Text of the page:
To Horace Mann
Mr. Harris, who married Lady Walpole's mother11, is to be one of the peace-offerings on the new altar12. Bootle is to be Chief Justice; but the Lord Chancellor would not consent to it, unless Lord G-lenorchy, whose daughter is married to Mr. Yorke, had a place in lieu of the Admiralty, which he has lost—he is to have Harris's. Lord Edgcumbe's, in Ireland13, they say, is destined to Harry Vane u, Pulteney's toad-eater.
Monticelli lives in a manner at "our house. I tell my sister that she is in love with him, and that I am glad it was not Amorevoli. Monticelli dines frequently with Sir Eobert, which diverts me extremely: you know how low his ideas are of music and the virtuosi; he calls them all fiddlers.
I have not time now to write more, for I am going to a masquerade at the Ranelagh amphitheatre: the Bang is fond of it, and has pressed people to go; but I don't find that it will be full. G-ood night! My love to the Pope for his good thing.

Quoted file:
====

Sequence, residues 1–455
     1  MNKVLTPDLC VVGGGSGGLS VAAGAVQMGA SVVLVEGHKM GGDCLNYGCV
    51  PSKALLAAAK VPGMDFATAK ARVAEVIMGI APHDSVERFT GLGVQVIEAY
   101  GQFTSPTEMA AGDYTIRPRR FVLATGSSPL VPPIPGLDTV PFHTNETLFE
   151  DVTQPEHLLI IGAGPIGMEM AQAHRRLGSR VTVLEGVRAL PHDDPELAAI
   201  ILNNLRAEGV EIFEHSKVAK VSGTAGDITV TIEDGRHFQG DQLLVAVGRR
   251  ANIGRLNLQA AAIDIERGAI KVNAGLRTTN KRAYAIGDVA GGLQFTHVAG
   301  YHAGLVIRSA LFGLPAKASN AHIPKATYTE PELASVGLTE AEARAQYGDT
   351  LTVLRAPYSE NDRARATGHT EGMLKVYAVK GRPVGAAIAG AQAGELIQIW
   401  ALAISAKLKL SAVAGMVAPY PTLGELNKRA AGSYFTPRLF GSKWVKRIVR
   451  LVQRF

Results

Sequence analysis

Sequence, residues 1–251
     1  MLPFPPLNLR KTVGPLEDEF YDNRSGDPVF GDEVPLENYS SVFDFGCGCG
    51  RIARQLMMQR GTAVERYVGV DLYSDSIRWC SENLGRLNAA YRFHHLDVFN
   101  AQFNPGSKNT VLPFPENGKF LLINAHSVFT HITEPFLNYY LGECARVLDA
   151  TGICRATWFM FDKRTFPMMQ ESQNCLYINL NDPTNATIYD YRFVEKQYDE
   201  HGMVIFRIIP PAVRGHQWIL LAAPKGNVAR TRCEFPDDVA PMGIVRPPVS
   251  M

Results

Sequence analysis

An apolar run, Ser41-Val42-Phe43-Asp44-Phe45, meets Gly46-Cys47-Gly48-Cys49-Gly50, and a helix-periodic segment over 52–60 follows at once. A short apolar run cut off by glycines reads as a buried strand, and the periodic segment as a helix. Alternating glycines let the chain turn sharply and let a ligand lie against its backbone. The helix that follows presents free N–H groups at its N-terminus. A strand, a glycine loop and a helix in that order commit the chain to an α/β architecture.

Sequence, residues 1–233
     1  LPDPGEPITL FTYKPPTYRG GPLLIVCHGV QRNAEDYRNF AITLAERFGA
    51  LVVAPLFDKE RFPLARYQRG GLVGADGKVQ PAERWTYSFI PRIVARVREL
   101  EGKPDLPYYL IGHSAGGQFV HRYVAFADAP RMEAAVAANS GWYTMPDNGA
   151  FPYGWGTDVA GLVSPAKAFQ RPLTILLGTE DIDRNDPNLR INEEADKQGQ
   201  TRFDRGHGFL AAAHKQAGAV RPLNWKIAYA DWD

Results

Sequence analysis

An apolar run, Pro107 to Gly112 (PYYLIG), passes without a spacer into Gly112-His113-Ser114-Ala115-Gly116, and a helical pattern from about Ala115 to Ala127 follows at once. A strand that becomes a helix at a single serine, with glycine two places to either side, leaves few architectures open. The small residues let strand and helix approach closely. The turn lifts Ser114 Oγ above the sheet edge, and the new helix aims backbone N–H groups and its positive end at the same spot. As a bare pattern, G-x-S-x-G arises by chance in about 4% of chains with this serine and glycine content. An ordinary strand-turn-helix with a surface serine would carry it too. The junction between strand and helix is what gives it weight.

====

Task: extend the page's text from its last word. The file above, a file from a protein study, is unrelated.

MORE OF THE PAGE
88. To HORACE MANN.
Downing Street, July 14, 1742.
THE LESSON FOE THE DAY.
HEEE begins the second Chapter of the first book of Preferments.
1. Now these are the Generations of Them that sought preferment.
II Margaret, daughter of Roger Tuckfield, of Thorverton, Devonshire; married 1. Samuel Rolle, 2. John Harris; d. 1754.
12 This article did not prove true: Mr. Harris was not removed, nor Bootle made Chief Justice. Walpole. —John Harris of Hayne. Devonshire ; d. 1767,
14 Hon. Henry Vane (circ. 1706-1758), succeeded his father as third Baron Barnard, 1753; cr. Earl of Darlington, April 8,1754; M.P. for Eipon; Paymaster-G-eneral in Ireland, 1742-44; Lord of the Treasury, 1749-55; Joint Paymaster of the Forces, 1755.